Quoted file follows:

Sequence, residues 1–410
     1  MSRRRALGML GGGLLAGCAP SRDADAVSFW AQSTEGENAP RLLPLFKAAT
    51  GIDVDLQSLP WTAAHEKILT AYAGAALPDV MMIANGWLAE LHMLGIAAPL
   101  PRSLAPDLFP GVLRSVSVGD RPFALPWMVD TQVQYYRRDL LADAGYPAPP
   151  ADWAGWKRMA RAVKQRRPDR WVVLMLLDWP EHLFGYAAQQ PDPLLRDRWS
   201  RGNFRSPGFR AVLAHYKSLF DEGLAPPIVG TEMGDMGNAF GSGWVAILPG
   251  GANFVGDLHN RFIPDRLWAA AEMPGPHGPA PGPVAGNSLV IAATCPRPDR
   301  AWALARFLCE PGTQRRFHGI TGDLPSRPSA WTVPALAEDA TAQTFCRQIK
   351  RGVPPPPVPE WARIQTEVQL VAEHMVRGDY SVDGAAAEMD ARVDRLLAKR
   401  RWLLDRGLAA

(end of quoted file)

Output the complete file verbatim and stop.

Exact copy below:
Sequence, residues 1–410
     1  MSRRRALGML GGGLLAGCAP SRDADAVSFW AQSTEGENAP RLLPLFKAAT
    51  GIDVDLQSLP WTAAHEKILT AYAGAALPDV MMIANGWLAE LHMLGIAAPL
   101  PRSLAPDLFP GVLRSVSVGD RPFALPWMVD TQVQYYRRDL LADAGYPAPP
   151  ADWAGWKRMA RAVKQRRPDR WVVLMLLDWP EHLFGYAAQQ PDPLLRDRWS
   201  RGNFRSPGFR AVLAHYKSLF DEGLAPPIVG TEMGDMGNAF GSGWVAILPG
   251  GANFVGDLHN RFIPDRLWAA AEMPGPHGPA PGPVAGNSLV IAATCPRPDR
   301  AWALARFLCE PGTQRRFHGI TGDLPSRPSA WTVPALAEDA TAQTFCRQIK
   351  RGVPPPPVPE WARIQTEVQL VAEHMVRGDY SVDGAAAEMD ARVDRLLAKR
   401  RWLLDRGLAA